Initial Margin for Non-Centrally Cleared Derivatives ...· 4 able to trade non-centrally cleared derivatives,

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Initial Margin for Non-Centrally Cleared Derivatives:

Issues for 2019 and 2020

July 2018

This paper is intended for discussion purposes only. Drafts of this document are subject to change as views and issues

develop further.

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Contents I. Introduction ........................................................................................................................................................3

II. Executive Summary ............................................................................................................................................4

III. Background .........................................................................................................................................................7

IV. Challenges for Newly In-Scope Counterparties ..................................................................................................9

A. Entity Assessment and Disclosure ............................................................................................................... 10

B. Credit Support Annexes ............................................................................................................................... 11

C. Custodial Arrangements .............................................................................................................................. 13

1. Account Control Agreements .................................................................................................................. 13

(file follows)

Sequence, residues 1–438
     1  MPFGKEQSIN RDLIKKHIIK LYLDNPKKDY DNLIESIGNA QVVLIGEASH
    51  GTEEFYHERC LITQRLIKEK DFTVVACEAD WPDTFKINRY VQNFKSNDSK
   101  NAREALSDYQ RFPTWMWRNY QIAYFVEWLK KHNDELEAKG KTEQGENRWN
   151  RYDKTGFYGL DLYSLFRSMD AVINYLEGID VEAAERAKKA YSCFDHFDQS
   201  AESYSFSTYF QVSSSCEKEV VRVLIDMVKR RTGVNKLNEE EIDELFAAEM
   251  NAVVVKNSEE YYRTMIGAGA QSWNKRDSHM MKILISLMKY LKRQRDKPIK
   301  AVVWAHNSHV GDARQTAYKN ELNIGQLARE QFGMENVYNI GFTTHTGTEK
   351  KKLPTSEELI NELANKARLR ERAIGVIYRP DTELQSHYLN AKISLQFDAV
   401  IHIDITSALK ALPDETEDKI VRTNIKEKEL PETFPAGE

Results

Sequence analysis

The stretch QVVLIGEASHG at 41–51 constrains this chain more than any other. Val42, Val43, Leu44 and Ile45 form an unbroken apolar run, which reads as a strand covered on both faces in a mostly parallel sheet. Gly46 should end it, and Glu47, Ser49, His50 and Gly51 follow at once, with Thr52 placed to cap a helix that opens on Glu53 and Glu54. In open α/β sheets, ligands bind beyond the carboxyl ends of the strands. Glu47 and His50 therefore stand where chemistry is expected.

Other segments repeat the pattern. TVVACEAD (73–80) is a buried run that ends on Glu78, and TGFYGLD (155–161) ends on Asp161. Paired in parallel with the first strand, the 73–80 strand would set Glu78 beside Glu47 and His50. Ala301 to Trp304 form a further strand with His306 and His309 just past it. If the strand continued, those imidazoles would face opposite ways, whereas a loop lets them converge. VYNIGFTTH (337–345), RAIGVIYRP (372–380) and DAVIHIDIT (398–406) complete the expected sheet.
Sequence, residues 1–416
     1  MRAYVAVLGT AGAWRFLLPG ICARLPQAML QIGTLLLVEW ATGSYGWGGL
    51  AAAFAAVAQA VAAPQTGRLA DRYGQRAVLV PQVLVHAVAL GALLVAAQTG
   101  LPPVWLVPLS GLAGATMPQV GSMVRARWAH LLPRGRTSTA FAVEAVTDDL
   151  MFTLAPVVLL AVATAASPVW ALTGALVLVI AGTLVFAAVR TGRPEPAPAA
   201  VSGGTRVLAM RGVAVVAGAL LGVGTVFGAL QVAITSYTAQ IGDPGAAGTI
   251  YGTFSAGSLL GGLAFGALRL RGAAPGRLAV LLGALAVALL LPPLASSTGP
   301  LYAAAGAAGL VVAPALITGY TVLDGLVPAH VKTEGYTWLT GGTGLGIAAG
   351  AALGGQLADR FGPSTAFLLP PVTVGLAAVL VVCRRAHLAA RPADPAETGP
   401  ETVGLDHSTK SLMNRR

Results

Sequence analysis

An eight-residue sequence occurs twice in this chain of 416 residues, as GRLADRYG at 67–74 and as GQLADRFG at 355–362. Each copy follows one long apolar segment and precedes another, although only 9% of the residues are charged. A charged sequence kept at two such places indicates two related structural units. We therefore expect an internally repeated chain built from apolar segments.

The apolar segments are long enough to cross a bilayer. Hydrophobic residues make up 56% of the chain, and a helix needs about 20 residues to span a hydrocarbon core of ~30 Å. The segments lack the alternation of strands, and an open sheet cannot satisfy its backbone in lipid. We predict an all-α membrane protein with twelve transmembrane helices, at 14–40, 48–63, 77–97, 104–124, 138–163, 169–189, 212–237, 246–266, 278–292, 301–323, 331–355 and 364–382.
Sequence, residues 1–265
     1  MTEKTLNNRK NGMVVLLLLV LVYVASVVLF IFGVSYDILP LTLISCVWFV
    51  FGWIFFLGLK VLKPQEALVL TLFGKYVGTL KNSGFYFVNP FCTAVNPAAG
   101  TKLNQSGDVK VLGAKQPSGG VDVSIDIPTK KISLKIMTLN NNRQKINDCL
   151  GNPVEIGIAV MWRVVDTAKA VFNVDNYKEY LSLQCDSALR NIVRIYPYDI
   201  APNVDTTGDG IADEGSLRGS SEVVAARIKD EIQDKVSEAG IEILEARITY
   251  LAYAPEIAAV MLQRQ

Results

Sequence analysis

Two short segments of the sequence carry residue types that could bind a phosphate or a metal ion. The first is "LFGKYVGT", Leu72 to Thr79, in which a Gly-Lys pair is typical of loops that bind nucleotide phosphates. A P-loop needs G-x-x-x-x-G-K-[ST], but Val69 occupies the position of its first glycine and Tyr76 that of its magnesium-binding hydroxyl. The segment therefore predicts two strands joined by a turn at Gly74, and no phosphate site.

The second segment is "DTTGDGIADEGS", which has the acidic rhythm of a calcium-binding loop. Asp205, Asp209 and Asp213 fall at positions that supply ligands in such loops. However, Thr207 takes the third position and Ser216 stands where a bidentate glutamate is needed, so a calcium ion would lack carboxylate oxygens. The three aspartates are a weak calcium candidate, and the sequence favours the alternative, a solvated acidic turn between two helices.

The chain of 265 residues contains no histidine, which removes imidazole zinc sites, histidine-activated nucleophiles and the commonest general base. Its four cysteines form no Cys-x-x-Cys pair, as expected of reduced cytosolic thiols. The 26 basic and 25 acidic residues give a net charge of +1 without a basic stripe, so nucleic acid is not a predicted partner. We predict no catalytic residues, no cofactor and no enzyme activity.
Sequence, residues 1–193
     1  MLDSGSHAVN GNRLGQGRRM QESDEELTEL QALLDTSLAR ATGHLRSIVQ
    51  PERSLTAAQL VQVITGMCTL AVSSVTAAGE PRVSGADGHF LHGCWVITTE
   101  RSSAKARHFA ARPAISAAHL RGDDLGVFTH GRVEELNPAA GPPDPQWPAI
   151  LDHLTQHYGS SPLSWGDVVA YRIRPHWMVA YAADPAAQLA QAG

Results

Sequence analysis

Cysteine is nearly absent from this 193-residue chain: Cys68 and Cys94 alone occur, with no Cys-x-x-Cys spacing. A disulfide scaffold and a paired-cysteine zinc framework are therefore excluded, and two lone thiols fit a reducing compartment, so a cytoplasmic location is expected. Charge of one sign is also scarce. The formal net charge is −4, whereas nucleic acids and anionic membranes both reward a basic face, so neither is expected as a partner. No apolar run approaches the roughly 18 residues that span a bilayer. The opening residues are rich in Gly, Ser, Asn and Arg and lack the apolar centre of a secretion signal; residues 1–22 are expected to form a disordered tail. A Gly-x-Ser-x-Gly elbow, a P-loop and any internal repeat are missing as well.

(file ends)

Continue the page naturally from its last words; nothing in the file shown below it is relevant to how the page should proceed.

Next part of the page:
2. Eligible Collateral Schedules .................................................................................................................... 15

3. Connectivity ............................................................................................................................................. 15

D. Determination of In-Scope Trades, Netting Sets ......................................................................................... 17

1. Lack of Global Harmonization and Higher of IM .................................................................................. 18

2. Legacy and In-Scope Portfolio Management .......................................................................................... 18

3. Regulatory vs. Non-Regulatory Initial Margin ......................................................................................... 19

E. Initial Margin Model Implementation ......................................................................................................... 19

1. Calculation Methodologies ...................................................................................................................... 19

2. Evidence of Proper Implementation ....................................................................................................... 22

3. Margin Monitoring .................................................................................................................................. 23

4. Model Approval ....................................................................................................................................... 24

F. Margin Reconciliation .................................................................................................................................. 25

G. Liquidity and Funding .................................................................................................................................. 27

V. Work Needs to Be Done .................................................................................................................................. 28

A. Newly In-Scope Entities Readiness ............................................................................................................. 29

B. Custodian Readiness .................................................................................................................................... 29

C. Middleware Readiness ................................................................................................................................ 29

D. Dealer Role .................................................................................................................................................. 30

E. Industry and Trade Associations ................................................................................................................. 31

F. Regulators .................................................................................................................................................... 32